There’s a good chance that when you first got interested in resin pouring and casting, you were drawn in by some of the beautiful colors of some of the projects you saw. Have you tried coloring resin yet? Do you have a favorite way to dye resin?
I’m Stephanie from Crafting in the Rain, and I tried six different ways to color resin and I’m excited to show you my results! I’m hoping that you’ll learn something new, and be inspired by one of these ways of how to color resin.
Using resin in its clear and colorless form has some fabulous uses. You can use it to embed shells, flowers, beads, gems, candy and more in things like pendants and coasters. But a lot of times you’ll want to add color to your resin. Colored resin works great for jewelry, game pieces, charms, and drawer knobs, to name a few.
You Might Also Like
What Can You Use for Coloring Epoxy Resin?
As we mentioned previously, epoxy resin typically cures completely clear which means you have to add a colorant yourself, preferably when you are mixing the epoxy and hardener together, but what substances can be used to color to resin? Well, you could use alcohol ink, mic powder, food coloring, acrylic paint, resin dye, and even eyeshadow to add some color to your epoxy resin. Below is a more in-depth look at each of these coloring agents and how they work to bring some color to your epoxy resin.
If you would like to start with resin art, we recommend the eBook “Epoxy Resin Arts and Crafts for Beginners” from the resin artists at acrylgiessen.com.
Epoxy Resin Arts and Crafts for Beginners
Your Go-To Guide for start working with Epoxy Resin. Learn creating fascinating Resin Arts and Crafts within minutes. All the tips and tricks that nobody tells you when you start. Including several detailed tutorials for your first projects.
Resin dye or epoxy dye as it is commonly known is technically the correct way of adding some color to your resin castings. It can be found in most craft stores or online if your local store doesn’t stock it, and although they can be a bit pricey it is a quick and effective way to add some color to your resin crafting without much effort at all.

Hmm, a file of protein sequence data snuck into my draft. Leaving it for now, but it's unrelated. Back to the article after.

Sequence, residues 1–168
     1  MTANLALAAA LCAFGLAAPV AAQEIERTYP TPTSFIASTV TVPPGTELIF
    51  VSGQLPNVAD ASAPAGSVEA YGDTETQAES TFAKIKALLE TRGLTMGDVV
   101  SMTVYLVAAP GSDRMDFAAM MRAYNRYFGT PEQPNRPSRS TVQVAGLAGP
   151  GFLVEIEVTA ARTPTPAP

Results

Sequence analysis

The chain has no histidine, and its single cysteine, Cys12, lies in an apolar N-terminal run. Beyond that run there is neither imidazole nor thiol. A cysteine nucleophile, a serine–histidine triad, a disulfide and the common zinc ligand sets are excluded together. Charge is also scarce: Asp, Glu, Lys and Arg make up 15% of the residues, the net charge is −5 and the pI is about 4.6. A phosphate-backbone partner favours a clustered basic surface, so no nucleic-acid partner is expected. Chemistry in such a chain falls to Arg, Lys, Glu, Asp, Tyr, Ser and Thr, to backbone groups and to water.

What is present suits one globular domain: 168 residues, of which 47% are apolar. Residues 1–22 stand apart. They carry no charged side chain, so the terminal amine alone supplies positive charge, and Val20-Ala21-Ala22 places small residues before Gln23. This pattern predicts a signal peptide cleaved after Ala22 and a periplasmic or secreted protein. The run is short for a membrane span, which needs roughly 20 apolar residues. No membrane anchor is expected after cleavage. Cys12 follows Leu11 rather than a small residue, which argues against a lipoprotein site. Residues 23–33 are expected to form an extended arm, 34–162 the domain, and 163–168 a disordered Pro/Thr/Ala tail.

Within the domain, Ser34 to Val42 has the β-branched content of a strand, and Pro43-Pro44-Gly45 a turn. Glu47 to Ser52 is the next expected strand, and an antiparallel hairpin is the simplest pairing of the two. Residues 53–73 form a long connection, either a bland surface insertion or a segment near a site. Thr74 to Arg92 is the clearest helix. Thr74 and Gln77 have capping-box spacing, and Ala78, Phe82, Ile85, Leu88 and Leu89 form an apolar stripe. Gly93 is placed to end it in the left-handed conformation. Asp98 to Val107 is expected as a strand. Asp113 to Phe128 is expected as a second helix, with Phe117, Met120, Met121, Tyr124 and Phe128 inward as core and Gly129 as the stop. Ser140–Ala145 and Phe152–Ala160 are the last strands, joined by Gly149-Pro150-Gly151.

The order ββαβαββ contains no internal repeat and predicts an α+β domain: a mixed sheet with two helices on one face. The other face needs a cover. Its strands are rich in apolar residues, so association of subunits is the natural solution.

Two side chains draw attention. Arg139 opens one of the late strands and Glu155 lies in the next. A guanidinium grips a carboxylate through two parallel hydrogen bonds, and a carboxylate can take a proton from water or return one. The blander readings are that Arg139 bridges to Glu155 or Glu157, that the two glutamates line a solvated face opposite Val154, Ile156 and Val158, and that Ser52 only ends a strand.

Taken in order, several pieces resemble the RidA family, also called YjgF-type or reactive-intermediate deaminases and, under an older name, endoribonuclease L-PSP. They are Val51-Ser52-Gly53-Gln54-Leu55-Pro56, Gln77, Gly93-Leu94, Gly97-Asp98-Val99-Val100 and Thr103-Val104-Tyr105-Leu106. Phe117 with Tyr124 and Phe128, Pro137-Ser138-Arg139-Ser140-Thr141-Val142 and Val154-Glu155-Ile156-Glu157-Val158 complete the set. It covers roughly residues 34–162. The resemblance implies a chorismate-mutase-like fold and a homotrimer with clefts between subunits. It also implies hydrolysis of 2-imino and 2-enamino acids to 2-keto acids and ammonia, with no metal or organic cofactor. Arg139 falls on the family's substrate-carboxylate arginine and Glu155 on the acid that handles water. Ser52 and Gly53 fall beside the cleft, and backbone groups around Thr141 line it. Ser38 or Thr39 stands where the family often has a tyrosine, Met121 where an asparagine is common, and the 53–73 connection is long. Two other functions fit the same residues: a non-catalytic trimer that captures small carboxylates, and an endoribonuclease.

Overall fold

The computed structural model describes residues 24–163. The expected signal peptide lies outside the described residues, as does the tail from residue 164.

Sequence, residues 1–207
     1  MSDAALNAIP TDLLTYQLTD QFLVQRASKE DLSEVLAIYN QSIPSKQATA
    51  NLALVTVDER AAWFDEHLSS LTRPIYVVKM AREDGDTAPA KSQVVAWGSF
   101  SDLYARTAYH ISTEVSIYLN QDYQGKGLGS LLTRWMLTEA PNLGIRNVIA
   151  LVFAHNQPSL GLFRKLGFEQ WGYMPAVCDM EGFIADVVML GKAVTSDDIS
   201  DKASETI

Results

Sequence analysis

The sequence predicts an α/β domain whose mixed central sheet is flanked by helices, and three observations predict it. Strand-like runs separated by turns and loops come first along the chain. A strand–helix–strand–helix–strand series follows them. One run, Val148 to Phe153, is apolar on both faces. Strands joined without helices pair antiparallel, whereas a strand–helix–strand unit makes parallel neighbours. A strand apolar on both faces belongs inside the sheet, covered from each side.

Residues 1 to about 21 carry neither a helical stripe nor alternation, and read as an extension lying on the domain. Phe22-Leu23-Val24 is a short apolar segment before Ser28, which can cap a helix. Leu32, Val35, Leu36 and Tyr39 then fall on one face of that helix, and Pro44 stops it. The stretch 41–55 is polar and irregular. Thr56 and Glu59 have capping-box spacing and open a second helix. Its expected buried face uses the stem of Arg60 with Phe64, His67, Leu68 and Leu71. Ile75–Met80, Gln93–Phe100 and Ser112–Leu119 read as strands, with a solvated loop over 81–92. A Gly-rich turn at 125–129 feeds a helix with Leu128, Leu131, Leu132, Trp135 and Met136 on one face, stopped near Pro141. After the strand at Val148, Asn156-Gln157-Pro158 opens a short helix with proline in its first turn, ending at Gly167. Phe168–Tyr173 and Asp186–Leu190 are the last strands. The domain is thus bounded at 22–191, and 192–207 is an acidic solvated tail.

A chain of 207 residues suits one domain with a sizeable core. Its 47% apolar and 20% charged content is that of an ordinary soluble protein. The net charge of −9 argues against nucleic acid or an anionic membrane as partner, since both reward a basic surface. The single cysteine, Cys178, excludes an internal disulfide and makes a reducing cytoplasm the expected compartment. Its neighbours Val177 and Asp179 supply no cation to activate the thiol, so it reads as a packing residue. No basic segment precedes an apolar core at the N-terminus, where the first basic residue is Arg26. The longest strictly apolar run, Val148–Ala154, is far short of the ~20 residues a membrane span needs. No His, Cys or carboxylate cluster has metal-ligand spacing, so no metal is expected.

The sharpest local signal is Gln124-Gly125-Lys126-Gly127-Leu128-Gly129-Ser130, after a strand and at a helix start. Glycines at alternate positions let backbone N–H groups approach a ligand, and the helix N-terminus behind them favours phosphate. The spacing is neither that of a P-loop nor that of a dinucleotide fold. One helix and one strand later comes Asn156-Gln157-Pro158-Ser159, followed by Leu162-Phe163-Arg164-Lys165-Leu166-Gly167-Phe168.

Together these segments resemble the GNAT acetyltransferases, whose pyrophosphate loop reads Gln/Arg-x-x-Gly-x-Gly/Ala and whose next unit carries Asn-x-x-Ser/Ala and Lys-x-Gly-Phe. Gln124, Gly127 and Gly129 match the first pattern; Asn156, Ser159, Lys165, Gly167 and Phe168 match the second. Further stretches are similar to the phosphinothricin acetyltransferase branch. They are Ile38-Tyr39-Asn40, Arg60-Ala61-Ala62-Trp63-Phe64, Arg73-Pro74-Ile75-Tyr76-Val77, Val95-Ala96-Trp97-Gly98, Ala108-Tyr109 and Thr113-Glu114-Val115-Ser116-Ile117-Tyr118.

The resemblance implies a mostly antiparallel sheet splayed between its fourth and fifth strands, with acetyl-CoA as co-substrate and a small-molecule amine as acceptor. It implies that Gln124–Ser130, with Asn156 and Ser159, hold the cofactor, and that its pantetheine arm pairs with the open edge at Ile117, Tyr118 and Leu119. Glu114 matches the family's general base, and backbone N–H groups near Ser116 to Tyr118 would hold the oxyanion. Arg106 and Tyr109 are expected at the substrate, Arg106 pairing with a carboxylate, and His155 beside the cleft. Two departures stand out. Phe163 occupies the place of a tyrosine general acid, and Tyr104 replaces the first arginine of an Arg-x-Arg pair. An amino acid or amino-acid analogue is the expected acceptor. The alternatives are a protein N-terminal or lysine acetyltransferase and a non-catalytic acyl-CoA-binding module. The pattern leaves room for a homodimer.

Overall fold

The overall color effect of resin dye is an opaque color aesthetic that still very much allows some light to pass through liquid resin and cured castings. The epoxy dye makes resin castings look like stained glass, without the drawbacks of things like glare or magnification. This being said, if you’re looking for a not-quite-solid color, resin dye might be right up your alley.
Another dying agent which is believed by beginner and professional resin artists to be the right way of adding color to resin is mica powder. Mica powder is made of stone flakes that have been ground down into fine powder. The stones these powders are made from are often pigmented and shiny, which means the powder itself takes on these characteristics. You can think of mica powder as a type of glitter without the reflective properties, and like glitter, it spreads its color well when it comes into contact with epoxy resin.
The finish provided by mica powder is pretty solid and will not allow light to pass through it at all. This is great if you’re looking to create solid resin shapes or letters with a high-quality color finish. The best thing about Mica powder is the sheer variety of colors you get if you choose to use it, and the best part is Mica powder tends to be really cheap too, this means that can stock up on a wide range of colors in case you find yourself needing to dye some epoxy resin the wide range of other substances and surfaces mica powder is capable of dying.
Resin is a relatively easy substance to dye especially when compared to other plastic composite materials. It’s so easy in fact that you could use some left-over eye shadow to add a bit of color to your resin. Surprised? We don’t blame you, it’s actually a trick that experienced resin artists know quite well because of how close the color tone resembles adding mica powder to resin.
This is a useful workaround to know in a pinch, plus it’s a good excuse to buy some really good eyeshadow colors and keep them around. Although the effect won’t be as potent as it would if you used some mica powder, they definitely get the job done and can even be used in combination with other dye agents should the need arise.